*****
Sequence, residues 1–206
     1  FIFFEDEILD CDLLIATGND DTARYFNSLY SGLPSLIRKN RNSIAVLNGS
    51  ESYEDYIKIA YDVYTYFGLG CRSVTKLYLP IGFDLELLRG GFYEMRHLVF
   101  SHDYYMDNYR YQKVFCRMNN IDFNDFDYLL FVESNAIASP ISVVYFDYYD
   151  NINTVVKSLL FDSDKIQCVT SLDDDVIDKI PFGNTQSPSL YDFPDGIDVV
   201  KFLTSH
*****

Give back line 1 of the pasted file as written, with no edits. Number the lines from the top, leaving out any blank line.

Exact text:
Sequence, residues 1–206